Posts tagged “bisexual

Even in Failed “Worldwide LGBT Equality March,” a Grassroots Effort Finds Seeds of Success

The LGBT community would be nothing were it not for the many and varied grassroots efforts which have sprung up throughout our history, spurring us forward in the name of equality.  While our national organizations may serve a purpose in terms of presence and lobbying, in my view, most of the monumental changes have occurred as the result of groups outside the mainstream.  Whether it be Lt. Dan Choi and GetEqual helping to bring about an end to DADT, or ACT-UP in demanding resources and awareness during the AIDS epidemic, or the small but laser-like focus of the American Foundation for Equal Rights in working to bring marriage equality to California, these smaller groups have often been able to affect change where our national organizations can’t–or won’t.

I came of age during the days of Queer Nation and ACT-UP, and every rally, march, or benefit I’ve attended or organized has helped instill in me the belief that power, indeed, lies with the people.  Last  year’s Occupy movement further reinforced that conviction: on a local level, a band of committed individuals can move mountains.

Washington, D.C., April 21st, 2012

In February, I wrote about a planned “2012 Worldwide LGBT Civil Rights March”, slated for April 21.   The idea for the march had sprung from a facebook group called Let’s Reach 1 Million People Campaign, and the group’s founder and lead organizer, Joseph C. Knudson, asked if I would write an article about their efforts.  I agreed, but as I began to look more closely at the event, I realized that I couldn’t deliver the promotional piece they’d desired.  The article, What if They Threw a Worldwide LGBT Equality March, and No One Came?, noted my concerns around the planning associated with the effort, and questioned if the event was truly designed for success.

The article prompted a firestorm of protest in the comment sections on both Huffington Post and Bilerico Project, primarily from those organizing the event, and included accusations of inaccuracies, questions about my motives, personal attacks, and even resulted in a rant about me on Knudson’s blog.  And yet, despite each of their energetic volleys, the questions I raised were never fully answered by the event organizers.

Instead, I and others with questions were simply urged to read the group’s disclosure document, as if the answers to each of our varied questions could be found in that single document.  While some have speculated that this event was simply a promotional effort, designed to draw attention to a book Knudson had written, it was assured time and again that the Worldwide LGBT Equality March had no connection to his personal endeavors.  But where, you might ask, is the group’s disclosure document located? Not on their website, as one would expect.  Instead, a link redirects you to Knudson’s own site, where the document is posted beneath links to his book trailer, author page, and book press release.  A minor point, perhaps, but hardly the kind of thing which eases concerns about either his motivation or the separation between the two endeavors.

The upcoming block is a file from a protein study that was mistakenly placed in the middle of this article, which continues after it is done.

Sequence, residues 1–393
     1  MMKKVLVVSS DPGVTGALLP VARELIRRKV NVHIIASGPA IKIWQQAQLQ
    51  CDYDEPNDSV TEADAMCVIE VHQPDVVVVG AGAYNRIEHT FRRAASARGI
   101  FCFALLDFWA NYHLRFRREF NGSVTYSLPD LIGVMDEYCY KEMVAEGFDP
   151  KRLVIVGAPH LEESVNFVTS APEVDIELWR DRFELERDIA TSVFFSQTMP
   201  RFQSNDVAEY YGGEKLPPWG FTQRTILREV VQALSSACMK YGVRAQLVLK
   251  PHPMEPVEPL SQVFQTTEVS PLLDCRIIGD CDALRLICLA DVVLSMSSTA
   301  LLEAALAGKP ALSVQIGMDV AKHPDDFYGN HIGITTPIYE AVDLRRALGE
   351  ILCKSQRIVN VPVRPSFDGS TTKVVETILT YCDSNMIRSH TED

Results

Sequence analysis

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Disqualified from High School Contest, Gay Teen Speaks Out

Kearian Giertz is the gay Fullerton, California, 17-year-old who made national news headlines last week, following his disqualification from a school contest for his statement supportive of marriage equality. During an annual rite of passage at his high school, known as the Mr. Fullerton Contest, Kearian was asked, in front of an audience, “Where do you see yourself in 10 years?,” and expressed his desire to find his life mate and be legally wed, only to find himself disqualified by a school administrator, who had his microphone cut off.  Upon hearing his story, several elements stood out to me as intriguing.  First, compared to my own angst-ridden life in high school almost 25 years ago, it was refreshing that this young man felt comfortable enough to proclaim his desire to wed another man.  Second, I was impressed by how quickly the high school responded to his disqualification, firmly supporting Giertz’ right to free speech and calling the administrator’s actions inappropriate.  Lastly, I was struck by how, upon being disqualified, instead of reacting with the expected anger and hostility,  the teen and his friends chose a more peaceful option, turning this disqualification into a teachable moment.